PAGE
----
Note: This is an archived Handbook entry from 2014.
|Dates & Locations:|| |
This subject is not offered in 2014.
|Time Commitment:||Contact Hours: 1 x 1.5 hour lecture and 1 x 1 hour tutorial per week |
Total Time Commitment:
Total of 120 hours
|Recommended Background Knowledge:|| |
Criminology or Socio-Legal Studies at 1st and 2nd year
|Non Allowed Subjects:||None|
|Core Participation Requirements:||
For the purposes of considering request for Reasonable Adjustments under the disability Standards for Education (Cwth 2005), and Students Experiencing Academic Disadvantage Policy, academic requirements for this subject are articulated in the Subject Description, Subject Objectives, Generic Skills and Assessment Requirements of this entry.The University is dedicated to provide support to those with special requirements. Further details on the disability support scheme can be found at the Disability Liaison Unit website: http://www.services.unimelb.edu.au/disability/
Dr. Julie Evans: email@example.com
This subject examines the management of criminal justice in Victoria within the broader context of social justice. Its core interests are to explore: The nexus between criminal justice and social justice in the state's management of individuals and groups it considers to be at risk of harning, or being harmed, by others; the relationship between agencies and the state in the management of criminal justice in Victoria; the theory and practice nexus. The course begins with an overview of shifting risks and shifting perceptions of risks in Victoria. The major focus of the course then turns to the current situation. To complement scholarly perspectives on social issues, (including, for example, in relation to youth justice; family violence and sexual assault; mental illness; drug and alcohol use; imprisonment detention), guest lecturers from local agencies and institutions will discuss the contemporary practice of criminal justice management in Victoria and implications for social justice more broadly. Students are encouraged to theorise, historicise, analyse and reflect upon these matters including with reference to a particular case study. The subject is of general relevance to social science students and of particular interest to those intending to work in the field and/or pursue internships at undergraduate Honours, Postgraduate Diploma or Masters level.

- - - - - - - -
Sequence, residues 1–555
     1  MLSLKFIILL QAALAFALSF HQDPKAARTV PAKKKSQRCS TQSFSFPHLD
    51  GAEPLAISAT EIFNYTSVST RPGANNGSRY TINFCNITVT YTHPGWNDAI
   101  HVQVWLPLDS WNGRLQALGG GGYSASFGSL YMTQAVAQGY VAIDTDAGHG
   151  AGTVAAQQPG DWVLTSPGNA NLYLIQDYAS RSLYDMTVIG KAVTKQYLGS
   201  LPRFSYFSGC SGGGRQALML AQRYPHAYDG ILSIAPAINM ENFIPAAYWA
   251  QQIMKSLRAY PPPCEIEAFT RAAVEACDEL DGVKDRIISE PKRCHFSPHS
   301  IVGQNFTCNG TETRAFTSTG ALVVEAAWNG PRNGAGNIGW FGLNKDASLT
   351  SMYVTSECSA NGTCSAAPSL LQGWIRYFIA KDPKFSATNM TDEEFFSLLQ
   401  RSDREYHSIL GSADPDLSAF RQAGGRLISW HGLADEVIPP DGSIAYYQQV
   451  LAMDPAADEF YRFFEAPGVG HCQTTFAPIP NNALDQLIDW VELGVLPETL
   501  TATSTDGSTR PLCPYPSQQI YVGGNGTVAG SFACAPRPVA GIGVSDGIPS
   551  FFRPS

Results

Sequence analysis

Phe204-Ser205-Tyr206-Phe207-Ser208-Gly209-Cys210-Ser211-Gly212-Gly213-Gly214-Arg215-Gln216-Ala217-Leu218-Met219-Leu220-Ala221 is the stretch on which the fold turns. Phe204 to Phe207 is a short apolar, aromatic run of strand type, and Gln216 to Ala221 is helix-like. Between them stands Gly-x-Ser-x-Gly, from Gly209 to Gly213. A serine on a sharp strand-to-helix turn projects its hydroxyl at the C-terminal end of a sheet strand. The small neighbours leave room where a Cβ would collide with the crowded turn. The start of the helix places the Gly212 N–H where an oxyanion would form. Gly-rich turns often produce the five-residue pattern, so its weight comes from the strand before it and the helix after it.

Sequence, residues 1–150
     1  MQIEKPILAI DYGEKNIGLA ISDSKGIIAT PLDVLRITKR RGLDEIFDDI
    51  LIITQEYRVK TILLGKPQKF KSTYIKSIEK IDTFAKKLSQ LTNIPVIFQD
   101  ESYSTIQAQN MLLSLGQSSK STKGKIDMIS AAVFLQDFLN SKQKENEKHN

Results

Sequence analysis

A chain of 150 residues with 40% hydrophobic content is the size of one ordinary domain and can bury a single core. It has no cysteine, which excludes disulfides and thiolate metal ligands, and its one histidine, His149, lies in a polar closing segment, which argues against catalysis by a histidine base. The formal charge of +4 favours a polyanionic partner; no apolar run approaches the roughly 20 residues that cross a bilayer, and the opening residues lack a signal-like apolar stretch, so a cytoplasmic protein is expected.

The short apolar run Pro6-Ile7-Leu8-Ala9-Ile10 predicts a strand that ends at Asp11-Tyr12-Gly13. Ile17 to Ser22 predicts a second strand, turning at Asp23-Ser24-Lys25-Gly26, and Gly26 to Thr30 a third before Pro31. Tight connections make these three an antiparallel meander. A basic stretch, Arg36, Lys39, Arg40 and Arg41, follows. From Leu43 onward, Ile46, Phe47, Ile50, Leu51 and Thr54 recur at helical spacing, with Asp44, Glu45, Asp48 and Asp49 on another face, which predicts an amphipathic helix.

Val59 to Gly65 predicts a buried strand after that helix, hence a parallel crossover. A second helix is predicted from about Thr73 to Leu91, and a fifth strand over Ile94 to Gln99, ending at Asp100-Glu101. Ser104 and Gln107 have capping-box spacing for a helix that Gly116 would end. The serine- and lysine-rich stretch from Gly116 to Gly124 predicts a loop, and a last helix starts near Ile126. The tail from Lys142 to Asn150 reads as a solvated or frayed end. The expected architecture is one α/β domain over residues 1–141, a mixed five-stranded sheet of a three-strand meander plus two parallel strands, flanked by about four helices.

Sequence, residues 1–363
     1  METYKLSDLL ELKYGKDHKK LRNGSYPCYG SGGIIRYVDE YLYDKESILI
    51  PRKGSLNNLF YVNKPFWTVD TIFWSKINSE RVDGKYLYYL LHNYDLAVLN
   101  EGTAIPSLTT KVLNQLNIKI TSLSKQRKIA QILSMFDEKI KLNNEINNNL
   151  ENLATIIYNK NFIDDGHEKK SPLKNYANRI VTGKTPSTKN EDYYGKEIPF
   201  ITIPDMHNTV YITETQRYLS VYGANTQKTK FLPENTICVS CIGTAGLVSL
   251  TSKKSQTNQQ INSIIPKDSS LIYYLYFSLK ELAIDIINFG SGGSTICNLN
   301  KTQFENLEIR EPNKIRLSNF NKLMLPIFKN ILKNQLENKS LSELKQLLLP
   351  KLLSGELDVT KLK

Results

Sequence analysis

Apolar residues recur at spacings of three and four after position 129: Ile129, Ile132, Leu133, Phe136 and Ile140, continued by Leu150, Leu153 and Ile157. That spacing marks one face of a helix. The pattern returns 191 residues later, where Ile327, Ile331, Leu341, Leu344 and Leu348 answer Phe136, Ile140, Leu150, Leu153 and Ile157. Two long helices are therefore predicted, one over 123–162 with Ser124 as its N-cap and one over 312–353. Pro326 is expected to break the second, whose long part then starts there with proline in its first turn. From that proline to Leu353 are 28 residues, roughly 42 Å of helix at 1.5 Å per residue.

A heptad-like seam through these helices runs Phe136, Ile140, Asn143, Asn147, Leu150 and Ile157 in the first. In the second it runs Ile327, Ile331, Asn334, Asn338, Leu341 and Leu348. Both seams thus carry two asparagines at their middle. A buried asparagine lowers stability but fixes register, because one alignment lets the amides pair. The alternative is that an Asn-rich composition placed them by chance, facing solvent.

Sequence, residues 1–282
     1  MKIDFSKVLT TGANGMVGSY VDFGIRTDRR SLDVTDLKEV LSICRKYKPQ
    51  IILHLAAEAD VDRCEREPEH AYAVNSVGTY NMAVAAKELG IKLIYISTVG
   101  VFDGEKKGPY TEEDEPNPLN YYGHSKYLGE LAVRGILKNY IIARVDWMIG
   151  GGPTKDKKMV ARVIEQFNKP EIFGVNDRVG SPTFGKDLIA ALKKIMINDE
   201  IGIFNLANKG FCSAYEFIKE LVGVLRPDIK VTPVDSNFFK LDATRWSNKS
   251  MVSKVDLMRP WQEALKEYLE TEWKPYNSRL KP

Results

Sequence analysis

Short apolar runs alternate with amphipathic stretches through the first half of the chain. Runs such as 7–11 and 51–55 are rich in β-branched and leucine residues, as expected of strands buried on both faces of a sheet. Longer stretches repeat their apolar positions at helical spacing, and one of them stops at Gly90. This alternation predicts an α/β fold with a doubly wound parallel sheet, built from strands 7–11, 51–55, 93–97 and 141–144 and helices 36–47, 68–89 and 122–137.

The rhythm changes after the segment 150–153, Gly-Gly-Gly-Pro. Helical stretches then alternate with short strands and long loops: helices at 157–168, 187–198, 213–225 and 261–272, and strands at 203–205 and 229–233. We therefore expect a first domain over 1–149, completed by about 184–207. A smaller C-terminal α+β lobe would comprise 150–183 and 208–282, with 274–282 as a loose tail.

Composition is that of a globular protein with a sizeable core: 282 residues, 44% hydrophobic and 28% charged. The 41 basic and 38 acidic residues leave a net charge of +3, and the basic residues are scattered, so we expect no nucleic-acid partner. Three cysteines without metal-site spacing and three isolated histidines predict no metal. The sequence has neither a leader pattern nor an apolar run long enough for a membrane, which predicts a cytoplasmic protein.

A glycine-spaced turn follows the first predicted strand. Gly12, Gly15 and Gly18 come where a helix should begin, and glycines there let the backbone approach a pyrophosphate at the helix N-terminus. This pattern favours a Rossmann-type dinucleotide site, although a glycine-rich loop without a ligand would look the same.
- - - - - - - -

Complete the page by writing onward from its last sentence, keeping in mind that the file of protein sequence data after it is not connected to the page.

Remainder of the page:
On completion of this subject student should:
A written essay of 1500 words (40%) due mid-semester, and a written essay of 2500 words (60%) due during the examination period.
Hurdle Requirement: This subject has a minimum Hurdle Requirement of 75% tutorial attendance. Regular participation in tutorials is required.
Assessment submitted late without an approved extension will be penalised at 10% per working day. In-class tasks missed without approval will not be marked. All pieces of written work must be submitted to pass this subject.
|Prescribed Texts:|| |
A subject reader will be available for purchase from the University Bookshop and/or on the subject LMS site.
|Breadth Options:|| |
This subject potentially can be taken as a breadth subject component for the following courses:
You should visit learn more about breadth subjects and read the breadth requirements for your degree, and should discuss your choice with your student adviser, before deciding on your subjects.
|Fees Information:||Subject EFTSL, Level, Discipline & Census Date|
Students who complete this subject should:
This subject is available as Breadth to all non-Bachelor of Arts students.
Socio-legal Studies Major
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